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I will soon be refinishing a side of my log home (stripping to bare wood, borate, then stain).  I have noticed that some insect has been boring into the knots of the logs in a few places.  In some areas its just a small hole, but on others it appears it ate out most of the knot.  I do plan on treating the walls with borate, but I am unsure if this will even help since it will probably not be absorbed in the knots.  

Any idea what is causing this?

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Hi Mike,

From the pictures it's rather hard to tell what is causing the damage, but typically borate treatment on clean bare wood is an excellent preventative measure for any of the wood ingesting insects.  Most of the time we see insect holes they are from larvae leaving the log, and there's a small trail of frass below the hole, have you noticed this below any of the holes?


Brian  (,


Yes I did notice frass on the hole shown in the first picture.  I used a toothpick to scrape it out and see if I could find anything but no luck.  There are no signs of exit holes near the knots.  It appears that is where they are going in, so I am guessing they are attracted to the knots for some reason.

Most likely the female laid her eggs at the edge of the knot, as it would provide the easiest access to a safe place to develop when they hatched. Then the eggs hatched, they burrowed back down into the log (and in this case, down a small fissure in the knot or next to the knot) and developed, then exited through the hole we can see.  Once they reach the flying stage, they're now ready to head off into the great outdoors,  You're borate treatment should prevent a reinfestation.  You may see a few more exit holes appear from this group, but with providing the protection you are with the borate, you should stop seeing them developing a new generation in your logs.  


Brian (

I dont know that this could be caused by eggs being laid by the knot and then the larvae eating into it.  The knots are usually the hardest area of the log and I would think larvae of whatever insect would have a difficult time eating into the knot- but I could be wrong of course. 

On some of the knots that are affected there is just a single hole, which is quite large for a hatched insect to bore into the knot.  On other knots, its like the whole knot was targeted and hollowed out (there are only a few like this and not shown in the pictures above).  It seems like whatever does it is attracted to the knot for the sap or something.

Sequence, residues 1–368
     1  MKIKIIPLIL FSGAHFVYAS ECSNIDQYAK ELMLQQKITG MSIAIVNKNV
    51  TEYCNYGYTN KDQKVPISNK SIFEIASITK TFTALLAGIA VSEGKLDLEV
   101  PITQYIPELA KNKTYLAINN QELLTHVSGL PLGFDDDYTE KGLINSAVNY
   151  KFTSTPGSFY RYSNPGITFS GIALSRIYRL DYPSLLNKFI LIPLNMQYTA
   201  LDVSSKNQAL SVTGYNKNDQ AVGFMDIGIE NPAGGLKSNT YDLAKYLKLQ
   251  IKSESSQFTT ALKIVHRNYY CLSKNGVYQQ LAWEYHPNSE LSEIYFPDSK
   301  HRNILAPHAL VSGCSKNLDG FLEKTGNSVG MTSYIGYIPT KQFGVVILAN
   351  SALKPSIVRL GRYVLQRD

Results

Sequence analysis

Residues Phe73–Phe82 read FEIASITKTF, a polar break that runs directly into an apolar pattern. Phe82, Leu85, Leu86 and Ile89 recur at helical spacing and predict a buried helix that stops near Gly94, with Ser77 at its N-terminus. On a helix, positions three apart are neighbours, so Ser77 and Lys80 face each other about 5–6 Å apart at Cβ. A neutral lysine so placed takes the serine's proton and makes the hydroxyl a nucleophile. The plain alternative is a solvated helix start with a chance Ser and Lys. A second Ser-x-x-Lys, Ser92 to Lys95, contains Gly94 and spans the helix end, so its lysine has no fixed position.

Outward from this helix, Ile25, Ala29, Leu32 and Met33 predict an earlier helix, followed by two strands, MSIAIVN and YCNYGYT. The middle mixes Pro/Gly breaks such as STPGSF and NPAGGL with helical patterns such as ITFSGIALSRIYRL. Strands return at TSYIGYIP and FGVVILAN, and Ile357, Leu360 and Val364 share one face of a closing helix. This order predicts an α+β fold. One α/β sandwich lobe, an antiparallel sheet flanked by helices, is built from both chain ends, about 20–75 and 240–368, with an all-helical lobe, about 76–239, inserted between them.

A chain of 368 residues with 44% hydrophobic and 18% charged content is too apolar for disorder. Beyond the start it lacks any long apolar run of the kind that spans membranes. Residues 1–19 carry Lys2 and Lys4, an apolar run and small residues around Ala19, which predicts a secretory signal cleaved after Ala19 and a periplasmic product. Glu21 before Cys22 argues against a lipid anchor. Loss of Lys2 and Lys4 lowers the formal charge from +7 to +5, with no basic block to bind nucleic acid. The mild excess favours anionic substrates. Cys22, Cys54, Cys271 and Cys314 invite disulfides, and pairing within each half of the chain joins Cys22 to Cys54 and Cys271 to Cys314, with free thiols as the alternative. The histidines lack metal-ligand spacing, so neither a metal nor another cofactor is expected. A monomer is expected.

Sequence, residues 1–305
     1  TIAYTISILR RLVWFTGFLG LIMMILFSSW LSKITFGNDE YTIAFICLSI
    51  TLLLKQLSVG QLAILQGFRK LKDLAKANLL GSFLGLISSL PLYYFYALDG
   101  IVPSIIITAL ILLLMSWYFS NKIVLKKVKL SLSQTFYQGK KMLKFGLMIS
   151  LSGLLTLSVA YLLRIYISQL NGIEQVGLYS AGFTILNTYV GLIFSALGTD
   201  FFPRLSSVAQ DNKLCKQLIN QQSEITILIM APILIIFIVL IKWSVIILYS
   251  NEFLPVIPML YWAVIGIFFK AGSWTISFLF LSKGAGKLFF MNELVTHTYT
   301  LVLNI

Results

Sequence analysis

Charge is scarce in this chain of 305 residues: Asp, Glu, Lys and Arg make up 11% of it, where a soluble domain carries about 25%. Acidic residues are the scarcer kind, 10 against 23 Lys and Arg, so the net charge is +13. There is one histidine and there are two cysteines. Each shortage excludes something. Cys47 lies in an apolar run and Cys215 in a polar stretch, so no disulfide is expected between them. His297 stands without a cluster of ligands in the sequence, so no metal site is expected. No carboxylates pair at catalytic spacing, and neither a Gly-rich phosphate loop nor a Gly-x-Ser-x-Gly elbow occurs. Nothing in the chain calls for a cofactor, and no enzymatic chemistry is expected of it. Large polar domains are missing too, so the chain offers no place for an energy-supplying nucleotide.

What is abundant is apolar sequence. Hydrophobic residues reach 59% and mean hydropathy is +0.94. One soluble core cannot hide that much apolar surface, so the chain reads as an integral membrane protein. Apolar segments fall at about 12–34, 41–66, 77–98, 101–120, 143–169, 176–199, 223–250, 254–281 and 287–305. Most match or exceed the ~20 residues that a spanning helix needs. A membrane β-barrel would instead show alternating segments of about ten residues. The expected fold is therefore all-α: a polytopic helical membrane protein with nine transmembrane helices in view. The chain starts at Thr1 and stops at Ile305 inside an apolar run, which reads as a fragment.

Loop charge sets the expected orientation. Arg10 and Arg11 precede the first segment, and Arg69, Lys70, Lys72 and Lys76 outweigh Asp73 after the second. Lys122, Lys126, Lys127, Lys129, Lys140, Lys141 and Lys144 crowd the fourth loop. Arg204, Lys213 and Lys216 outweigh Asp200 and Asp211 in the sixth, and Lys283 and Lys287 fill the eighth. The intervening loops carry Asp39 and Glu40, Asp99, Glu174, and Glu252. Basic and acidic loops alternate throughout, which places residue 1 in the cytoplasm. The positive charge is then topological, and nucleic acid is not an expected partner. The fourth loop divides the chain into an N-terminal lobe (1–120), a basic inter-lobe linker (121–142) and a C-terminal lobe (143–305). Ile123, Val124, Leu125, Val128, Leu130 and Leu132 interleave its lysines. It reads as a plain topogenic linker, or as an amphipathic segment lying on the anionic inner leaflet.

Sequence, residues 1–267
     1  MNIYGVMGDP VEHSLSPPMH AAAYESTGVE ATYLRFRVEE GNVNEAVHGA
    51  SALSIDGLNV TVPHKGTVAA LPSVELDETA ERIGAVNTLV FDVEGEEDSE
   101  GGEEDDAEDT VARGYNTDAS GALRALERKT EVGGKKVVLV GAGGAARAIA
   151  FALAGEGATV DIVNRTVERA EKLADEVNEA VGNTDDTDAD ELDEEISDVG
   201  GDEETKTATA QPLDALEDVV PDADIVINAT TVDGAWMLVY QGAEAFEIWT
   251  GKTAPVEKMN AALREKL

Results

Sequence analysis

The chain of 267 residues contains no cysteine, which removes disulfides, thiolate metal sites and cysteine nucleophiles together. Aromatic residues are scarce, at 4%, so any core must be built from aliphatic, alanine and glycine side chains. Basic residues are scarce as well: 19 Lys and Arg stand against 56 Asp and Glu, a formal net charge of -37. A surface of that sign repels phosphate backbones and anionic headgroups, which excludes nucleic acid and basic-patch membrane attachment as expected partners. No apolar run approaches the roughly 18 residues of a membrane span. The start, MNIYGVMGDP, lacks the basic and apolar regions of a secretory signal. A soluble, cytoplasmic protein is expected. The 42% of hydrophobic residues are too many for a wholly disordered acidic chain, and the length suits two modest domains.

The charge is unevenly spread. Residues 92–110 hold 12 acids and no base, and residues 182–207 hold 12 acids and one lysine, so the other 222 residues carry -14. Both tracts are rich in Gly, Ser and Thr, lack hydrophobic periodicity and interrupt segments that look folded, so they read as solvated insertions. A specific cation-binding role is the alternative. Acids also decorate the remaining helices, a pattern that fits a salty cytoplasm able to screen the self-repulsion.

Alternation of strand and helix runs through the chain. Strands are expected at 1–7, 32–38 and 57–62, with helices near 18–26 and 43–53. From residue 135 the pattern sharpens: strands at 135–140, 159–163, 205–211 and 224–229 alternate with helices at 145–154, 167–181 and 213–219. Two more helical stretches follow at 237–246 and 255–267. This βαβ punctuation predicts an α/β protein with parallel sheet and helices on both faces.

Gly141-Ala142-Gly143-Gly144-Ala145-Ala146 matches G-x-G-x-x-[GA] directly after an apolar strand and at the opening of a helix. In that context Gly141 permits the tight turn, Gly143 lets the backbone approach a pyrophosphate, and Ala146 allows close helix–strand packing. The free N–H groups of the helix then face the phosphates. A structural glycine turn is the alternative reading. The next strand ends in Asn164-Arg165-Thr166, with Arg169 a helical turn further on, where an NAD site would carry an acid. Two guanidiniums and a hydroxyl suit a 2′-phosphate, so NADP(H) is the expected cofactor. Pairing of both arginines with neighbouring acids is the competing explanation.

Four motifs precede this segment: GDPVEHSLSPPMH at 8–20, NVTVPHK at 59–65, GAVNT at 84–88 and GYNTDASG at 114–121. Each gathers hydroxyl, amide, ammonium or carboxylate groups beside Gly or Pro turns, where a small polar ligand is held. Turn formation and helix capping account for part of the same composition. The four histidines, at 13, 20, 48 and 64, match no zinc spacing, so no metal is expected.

Is there something that is attracted to the sap that might cause this?  I have noticed wood wasps, but they usually find old carpenter bee holes and use them.

Hi Mike,

I haven't heard of any of the wood ingesting group of insects (powder post and old house borers are probably the most common) having a preference to tree resin.  Once they hatch, they move to the outdoors and when it's time to lay their eggs, they will utilize just about any fissure in wood to lay their eggs into. The knots will dry at a different rate from the logs, create a gap perfect for depositing eggs, so the resin shouldn't be an attractant for that group at least, but that gap certainly could be.  As to the wood wasps, I'm thinking you're speaking of parasitic wasps, the tiny guys that are sometimes seen flying in and out of other insects holes.  The wasps you see are usually females, and they're looking for an insects' egg to deposit their egg on so it has a food source, so they're a beneficial insect!


Brian (

Mike, this is a very common issue and we get many inquiries about how to handle it. So many that i wrote an article in Log Living Gazette that discusses this in detail. You can down back issues of the Log Living Gazette here:

You will definitely want the February 2014 issue as it specifically discusses Carpenter Bees and how to fix their damage and deter their return.


This is definitely not a carpenter bee issue.  I am well versed in the art of eliminating carpenter bees.  

The picture may not show it but whatever is causing this is boring holes ( smaller than carpenter bee holes) only into the knots.  In some of the knots the entire knot has been eaten away.


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